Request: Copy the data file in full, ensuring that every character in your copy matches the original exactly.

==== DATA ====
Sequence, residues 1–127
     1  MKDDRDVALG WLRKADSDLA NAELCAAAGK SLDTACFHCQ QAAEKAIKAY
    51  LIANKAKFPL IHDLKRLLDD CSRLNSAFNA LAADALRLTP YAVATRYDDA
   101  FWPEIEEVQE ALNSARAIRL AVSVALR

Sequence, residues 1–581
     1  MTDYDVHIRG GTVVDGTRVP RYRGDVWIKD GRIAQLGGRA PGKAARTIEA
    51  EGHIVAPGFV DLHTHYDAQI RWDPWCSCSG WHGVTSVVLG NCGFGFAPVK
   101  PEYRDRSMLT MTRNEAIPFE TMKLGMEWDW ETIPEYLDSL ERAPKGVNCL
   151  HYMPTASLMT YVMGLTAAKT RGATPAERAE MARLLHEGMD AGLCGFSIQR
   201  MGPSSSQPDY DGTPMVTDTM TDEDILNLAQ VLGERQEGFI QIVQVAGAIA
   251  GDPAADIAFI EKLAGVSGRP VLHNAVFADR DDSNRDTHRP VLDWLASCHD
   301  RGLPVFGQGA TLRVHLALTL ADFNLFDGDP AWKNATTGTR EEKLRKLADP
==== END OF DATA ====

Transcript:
Sequence, residues 1–127
     1  MKDDRDVALG WLRKADSDLA NAELCAAAGK SLDTACFHCQ QAAEKAIKAY
    51  LIANKAKFPL IHDLKRLLDD CSRLNSAFNA LAADALRLTP YAVATRYDDA
   101  FWPEIEEVQE ALNSARAIRL AVSVALR

Sequence, residues 1–581
     1  MTDYDVHIRG GTVVDGTRVP RYRGDVWIKD GRIAQLGGRA PGKAARTIEA
    51  EGHIVAPGFV DLHTHYDAQI RWDPWCSCSG WHGVTSVVLG NCGFGFAPVK
   101  PEYRDRSMLT MTRNEAIPFE TMKLGMEWDW ETIPEYLDSL ERAPKGVNCL
   151  HYMPTASLMT YVMGLTAAKT RGATPAERAE MARLLHEGMD AGLCGFSIQR
   201  MGPSSSQPDY DGTPMVTDTM TDEDILNLAQ VLGERQEGFI QIVQVAGAIA
   251  GDPAADIAFI EKLAGVSGRP VLHNAVFADR DDSNRDTHRP VLDWLASCHD
   301  RGLPVFGQGA TLRVHLALTL ADFNLFDGDP AWKNATTGTR EEKLRKLADP